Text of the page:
Busey's Hall/Princess Theater Nomination
Busey's Hall/The Princess Theater is being nominated for landmark status for its significance as part of the architectural, artistic, civic, cultural, economic, educational, ethnic, political or social heritage of the nation, state or community. Busey's Hall was one of the first brick buildings in Urbana. It is a two-story brick building with a brick wall dividing the first floor into two storefronts. The second floor is a large open area with a stage, and was used as a large hall. Downtown Urbana turned to brick construction soon after this building was erected due to a large fire in 1871 that destroyed most of the wooden structures. Busey's Hall survived because of this brick construction, and it is possibly the oldest building in downtown Urbana. Large buildings such as Busey's Hall were sometimes referred to as blocks in those times, such as Tiernan's Block. Multiple storefronts usually occupied the first floor, and the upper floors often had offices, or hall spaces such as Busey's Hall. The Busey Brothers, who financed the building, were part of the founding family of Urbana. They were a very prominent family throughout the years, founding Busey Bank, and funding the creation of the Urbana Free Library.
Busey's Hall was the first and one of the most popular opera houses in the past, and followed the trend from live performance to motion pictures when it was converted to the Princess Theater. The exterior of Busey's Hall has retained a high level of historic integrity. Round arched windows can be seen from Crane Alley, the only visible remnants of the original Italianate design. Remnants of tile from the 1915 renovation of the Princess Theater can be seen in the cafe on the first floor, including the word "Princess" spelled out at the entrance. The historic facade from 1934 is also still intact. The marquee remains from 1934 with a name change from 1967, and an addition of a coffee cup design in neon from the new cafe. The stainless steel and porcelain entrance was designed in 1949, and the curved window of the ticket booth has been incorporated into the design of the cafe. Busey's Hall/The Princess Theater is not only important because it was the first brick block in downtown Urbana, but because it has played a significant role in the cultural and social heritage of the community. From the days of opera houses, to its years as a movie Theater, it has remained a cultural landmark for the people of Urbana.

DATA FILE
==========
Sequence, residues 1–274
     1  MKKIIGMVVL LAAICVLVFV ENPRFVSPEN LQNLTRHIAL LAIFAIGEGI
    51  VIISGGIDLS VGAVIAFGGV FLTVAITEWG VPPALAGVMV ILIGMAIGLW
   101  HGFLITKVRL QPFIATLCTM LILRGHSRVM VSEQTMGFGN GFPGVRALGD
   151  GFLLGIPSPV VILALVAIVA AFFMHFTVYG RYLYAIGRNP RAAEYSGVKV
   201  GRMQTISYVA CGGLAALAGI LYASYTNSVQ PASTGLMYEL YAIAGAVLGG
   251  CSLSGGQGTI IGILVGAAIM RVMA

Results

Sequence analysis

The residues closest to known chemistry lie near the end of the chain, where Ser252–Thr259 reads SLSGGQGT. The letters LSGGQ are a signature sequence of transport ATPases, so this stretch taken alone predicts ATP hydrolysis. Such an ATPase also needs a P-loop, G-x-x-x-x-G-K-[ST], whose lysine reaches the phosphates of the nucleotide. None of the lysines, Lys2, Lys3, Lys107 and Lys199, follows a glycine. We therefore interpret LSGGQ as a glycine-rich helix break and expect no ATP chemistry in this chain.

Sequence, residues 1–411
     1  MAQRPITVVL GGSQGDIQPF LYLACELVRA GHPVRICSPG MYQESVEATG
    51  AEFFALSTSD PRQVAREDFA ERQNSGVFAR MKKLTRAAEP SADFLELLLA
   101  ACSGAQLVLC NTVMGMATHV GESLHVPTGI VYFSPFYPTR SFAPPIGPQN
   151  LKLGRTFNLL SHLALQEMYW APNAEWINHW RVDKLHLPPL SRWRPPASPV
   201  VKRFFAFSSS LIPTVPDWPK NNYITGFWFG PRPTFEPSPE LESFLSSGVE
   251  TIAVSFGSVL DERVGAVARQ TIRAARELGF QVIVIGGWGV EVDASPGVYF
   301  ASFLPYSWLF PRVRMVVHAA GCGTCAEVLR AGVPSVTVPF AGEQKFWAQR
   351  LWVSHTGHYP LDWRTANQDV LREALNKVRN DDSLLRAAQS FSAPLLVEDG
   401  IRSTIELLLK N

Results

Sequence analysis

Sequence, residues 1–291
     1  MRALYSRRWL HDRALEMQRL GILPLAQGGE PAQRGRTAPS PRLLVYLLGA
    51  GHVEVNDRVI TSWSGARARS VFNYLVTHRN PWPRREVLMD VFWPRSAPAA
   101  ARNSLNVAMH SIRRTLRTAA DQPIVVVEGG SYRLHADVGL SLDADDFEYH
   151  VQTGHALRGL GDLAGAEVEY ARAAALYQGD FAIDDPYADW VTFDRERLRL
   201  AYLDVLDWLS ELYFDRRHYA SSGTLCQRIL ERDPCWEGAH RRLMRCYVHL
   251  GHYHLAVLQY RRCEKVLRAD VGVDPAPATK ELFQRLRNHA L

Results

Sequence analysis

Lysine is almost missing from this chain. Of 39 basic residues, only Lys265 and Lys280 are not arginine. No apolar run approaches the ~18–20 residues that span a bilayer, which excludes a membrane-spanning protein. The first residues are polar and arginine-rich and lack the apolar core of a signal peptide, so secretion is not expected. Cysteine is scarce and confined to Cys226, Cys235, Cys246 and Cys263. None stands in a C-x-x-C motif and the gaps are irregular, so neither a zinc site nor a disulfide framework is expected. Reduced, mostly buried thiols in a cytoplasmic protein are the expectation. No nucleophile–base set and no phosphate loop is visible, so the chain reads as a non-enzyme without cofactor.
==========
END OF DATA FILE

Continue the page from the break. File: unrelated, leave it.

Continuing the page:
Architectural Style: Originally Italianate, Art Deco façade added in 1934.
Date of Construction and modifications:
- 1870: Original Busey's Block built
- 1900: 1 story rear addition on west half of building by Saffell and Co. department store. Addition was torn down before 1909
- 1915: 1 story rear addition; entrance changed to two storefronts with the Theater entrance in the middle; entrance design with white enameled brick columns; steel canopy with Princess sign; tile floor at entrance with "Princess" design
- 1934: New Art Deco facade, enameled brick with black chevrons, covered Italianate opera house windows; new marquee of maroon and white with neon tubing
- 1949: New attraction board and stainless steel and porcelain storefront
- 1967: Name on marquee changed from Princess to Cinema
- 1985: Storefront of McClellan Electric Co. remodeled to make a second auditorium for the Theater
- 1995: Theater closed in 1994, second Theater remodeled to open a media company
Name of Architect and Builder: Unknown
Construction Materials: Brick walls, stainless steel and porcelain first story facade, brick and glazed brick second story facade, metal and neon marquee.
Description of unique Architectural Elements: Theater marquee, opera house area on second floor, Art Deco facade; all of these elements intact.
Alterations or Additions to Building: One story rear addition in 1915; new facade in 1934; marquee in 1934.
Missing or Removed Architectural Features: No features missing, but historic alteration from Italianate facade to current Art Deco facade.
Description Of Building Elements